Peeling back some of the secrecy of America's drone strikes on suspected terrorists, the Obama administration on Friday said it has killed up to 116 civilians in counterterror attacks in Pakistan, Yemen and other places where the U.S. is not engaged in active, on-the-ground warfare.
The first-ever public assessment is a response to mounting pressure for more information about lethal U.S. operations overseas. Human rights and other groups quickly complained that the administration undercounted civilian casualties and called on the White House to release far more information.
The report by National Intelligence Director James Clapper said the U.S. conducted 473 counterterror strikes, including those by unmanned drones, between January 2009 and December 2015. He did not mention where the strikes occurred, but the Defense Department and CIA have pursued targets in Pakistan, Yemen, Somalia and Libya. The data didn't include strikes in Iraq, Syria and Afghanistan, which the U.S. considers areas of active hostilities.
The attacks killed an estimated 2,372 to 2,581 combatants in those seven years, the report said. Between 64 and 116 non-combatants were killed.
The administration noted the much higher estimates by non-governmental organizations, which go as high as 900 for the same timeframe. Senior U.S. officials cited several reasons for the discrepancy, including the government's access to sensitive intelligence that helps it more accurately identify the deceased. Groups that have been tracking U.S. drone operations for years weren't convinced.
"The numbers reported by the White House today simply don't add up, and we're disappointed by that," said Federico Borello, executive director of Center for Civilians in Conflict in Washington. "We're concerned that as more countries gain access to armed drone technology, it's more likely that drones will be used as a first response in conflicts and more likely civilians will pay the price."
The Bureau of Investigative Journalism said the administration's number is a fraction of the 380 to 801 civilian deaths it has tallied. It records such deaths on the basis local and international journalists' reports, advocacy organizations, leaked government documents, court papers and field investigations. The London-based group credited the administration's release as a welcome step toward greater transparency, but said more information on specific strikes was needed to reconcile different assessments.
Seeking to enhance safeguards for civilian protection for the rest of his presidency and beyond, Obama also signed an executive order Friday that details U.S. policies to limit non-combatant casualties. It makes protecting civilians a central element in U.S. military operations planning.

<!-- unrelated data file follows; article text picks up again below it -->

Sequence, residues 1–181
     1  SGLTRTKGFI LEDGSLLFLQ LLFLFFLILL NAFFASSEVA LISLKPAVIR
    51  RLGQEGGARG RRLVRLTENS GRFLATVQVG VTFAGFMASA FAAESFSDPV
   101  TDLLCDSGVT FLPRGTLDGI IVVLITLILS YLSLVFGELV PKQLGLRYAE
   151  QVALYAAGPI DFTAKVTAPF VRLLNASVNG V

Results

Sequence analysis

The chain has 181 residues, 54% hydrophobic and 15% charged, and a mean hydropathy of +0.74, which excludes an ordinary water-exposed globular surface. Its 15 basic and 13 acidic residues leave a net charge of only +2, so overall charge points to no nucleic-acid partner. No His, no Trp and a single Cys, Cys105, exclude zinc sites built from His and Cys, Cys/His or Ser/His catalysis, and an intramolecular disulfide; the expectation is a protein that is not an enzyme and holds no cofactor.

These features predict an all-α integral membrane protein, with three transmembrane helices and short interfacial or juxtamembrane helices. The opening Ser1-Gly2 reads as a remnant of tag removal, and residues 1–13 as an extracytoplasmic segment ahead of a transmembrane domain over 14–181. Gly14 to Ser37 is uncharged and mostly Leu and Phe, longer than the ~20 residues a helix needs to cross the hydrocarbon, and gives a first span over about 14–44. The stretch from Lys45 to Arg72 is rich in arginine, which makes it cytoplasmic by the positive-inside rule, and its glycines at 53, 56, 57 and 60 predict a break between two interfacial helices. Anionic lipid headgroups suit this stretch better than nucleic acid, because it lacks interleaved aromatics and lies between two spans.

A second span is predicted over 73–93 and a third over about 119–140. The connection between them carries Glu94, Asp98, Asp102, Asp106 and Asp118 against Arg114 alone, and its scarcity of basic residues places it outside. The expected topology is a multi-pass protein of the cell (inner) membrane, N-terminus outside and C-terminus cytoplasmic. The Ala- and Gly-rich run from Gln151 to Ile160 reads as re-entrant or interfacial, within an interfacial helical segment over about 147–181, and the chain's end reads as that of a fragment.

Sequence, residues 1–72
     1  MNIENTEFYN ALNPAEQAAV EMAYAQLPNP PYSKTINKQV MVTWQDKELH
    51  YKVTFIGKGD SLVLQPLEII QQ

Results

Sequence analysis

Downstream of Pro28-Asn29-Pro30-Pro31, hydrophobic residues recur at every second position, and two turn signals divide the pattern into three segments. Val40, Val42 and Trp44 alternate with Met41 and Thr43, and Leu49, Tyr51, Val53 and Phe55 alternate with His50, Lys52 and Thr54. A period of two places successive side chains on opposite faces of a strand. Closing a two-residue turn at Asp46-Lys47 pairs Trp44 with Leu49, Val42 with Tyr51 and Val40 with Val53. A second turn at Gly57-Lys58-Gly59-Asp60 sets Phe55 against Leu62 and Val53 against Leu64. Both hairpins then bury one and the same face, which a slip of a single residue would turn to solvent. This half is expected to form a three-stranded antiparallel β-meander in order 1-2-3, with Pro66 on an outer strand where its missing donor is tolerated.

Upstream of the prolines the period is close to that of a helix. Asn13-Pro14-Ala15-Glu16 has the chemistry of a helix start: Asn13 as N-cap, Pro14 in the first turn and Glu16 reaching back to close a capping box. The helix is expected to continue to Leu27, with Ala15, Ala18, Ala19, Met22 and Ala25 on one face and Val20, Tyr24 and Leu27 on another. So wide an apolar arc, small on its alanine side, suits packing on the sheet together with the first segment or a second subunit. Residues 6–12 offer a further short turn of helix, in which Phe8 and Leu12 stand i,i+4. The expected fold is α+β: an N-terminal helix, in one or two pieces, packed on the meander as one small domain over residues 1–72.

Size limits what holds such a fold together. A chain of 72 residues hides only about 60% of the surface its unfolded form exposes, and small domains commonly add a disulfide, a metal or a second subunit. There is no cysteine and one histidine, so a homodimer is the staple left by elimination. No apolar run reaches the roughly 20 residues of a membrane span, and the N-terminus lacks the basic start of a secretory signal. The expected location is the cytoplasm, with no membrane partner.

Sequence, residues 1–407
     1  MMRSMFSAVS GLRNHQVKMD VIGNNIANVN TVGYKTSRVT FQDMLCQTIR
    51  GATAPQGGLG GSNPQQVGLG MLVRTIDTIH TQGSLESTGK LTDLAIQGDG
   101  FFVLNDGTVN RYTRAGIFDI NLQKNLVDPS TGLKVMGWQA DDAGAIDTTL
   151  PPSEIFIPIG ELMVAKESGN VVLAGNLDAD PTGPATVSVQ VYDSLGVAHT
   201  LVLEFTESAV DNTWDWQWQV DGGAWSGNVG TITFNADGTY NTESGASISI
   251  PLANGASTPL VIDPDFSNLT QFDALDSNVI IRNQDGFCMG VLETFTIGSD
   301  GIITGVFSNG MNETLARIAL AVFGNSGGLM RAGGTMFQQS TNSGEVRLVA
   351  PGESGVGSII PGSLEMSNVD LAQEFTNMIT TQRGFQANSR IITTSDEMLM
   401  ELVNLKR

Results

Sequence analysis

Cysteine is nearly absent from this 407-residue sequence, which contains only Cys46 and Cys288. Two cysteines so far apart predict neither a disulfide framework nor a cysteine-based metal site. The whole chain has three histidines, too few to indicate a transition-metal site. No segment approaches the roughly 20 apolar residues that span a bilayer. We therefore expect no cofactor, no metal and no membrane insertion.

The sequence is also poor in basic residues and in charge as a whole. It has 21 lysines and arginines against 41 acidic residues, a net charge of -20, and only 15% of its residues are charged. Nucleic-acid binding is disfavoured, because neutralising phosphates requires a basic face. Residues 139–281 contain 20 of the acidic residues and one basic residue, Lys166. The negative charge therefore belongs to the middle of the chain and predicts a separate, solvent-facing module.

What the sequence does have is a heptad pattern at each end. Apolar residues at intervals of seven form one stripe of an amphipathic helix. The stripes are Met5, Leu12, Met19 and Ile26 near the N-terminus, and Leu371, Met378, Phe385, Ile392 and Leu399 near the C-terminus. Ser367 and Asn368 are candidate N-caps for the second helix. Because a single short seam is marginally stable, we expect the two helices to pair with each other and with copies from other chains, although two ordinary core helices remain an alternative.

The order requires the government to publicize the number of strikes each year, and combatants and civilians killed. The 2016 report is due May 1, 2017.
But the directive isn't necessarily binding on the next president, who could change the policy with an executive order of his or her own.
Bill Roggio of the Long War Journal, which also tracks drone strikes, said the administration's report will "do little to quell the criticism" of those who want full disclosure of civilian casualties. This would include the names of those killed and dates, locations and other details on the strikes.
Roggio, who has estimated 207 civilian deaths over the same period in Pakistan and Yemen alone, said discrepancies would narrow if the U.S. and observers agreed on the details of several especially lethal strikes.
Hina Shamsi, director of the American Civil Liberties Union's National Security Project, said Friday's release provided only scant information.
"The government continues to conceal the identities of people it has killed, the specific definitions it uses to decide who can legitimately be targeted and its investigations into credibly alleged wrongful killings," Shamsi said. "The American public can't be confident that the government is using lethal force legally and wisely."
Naureen Shah, Amnesty International's director of national security and human rights, said it was impossible to assess the accuracy of the data without more details. Her group's investigations, she said, "tell a different story."
Nevertheless, said hailed the precedent of announcing civilian deaths as a game-changer and said it would be hard for future administrations to step away from the commitment.
Jennifer Gibson, an attorney for Reprieve, a New York-based human rights organization, said it was time for an independent investigation of whom U.S. drones have killed and the legal framework for the program.
Gibson spoke of 14-year-old Faheem Qureshi, who she said was severely injured in Obama's first drone strike, and nine-year old Nabila Rehman, who traveled to the U.S. in 2013 to seek answers about an attack in Pakistan that killed her grandmother.
"The most glaring absence from this announcement are the names and faces of those civilians that have been killed," Gibson said.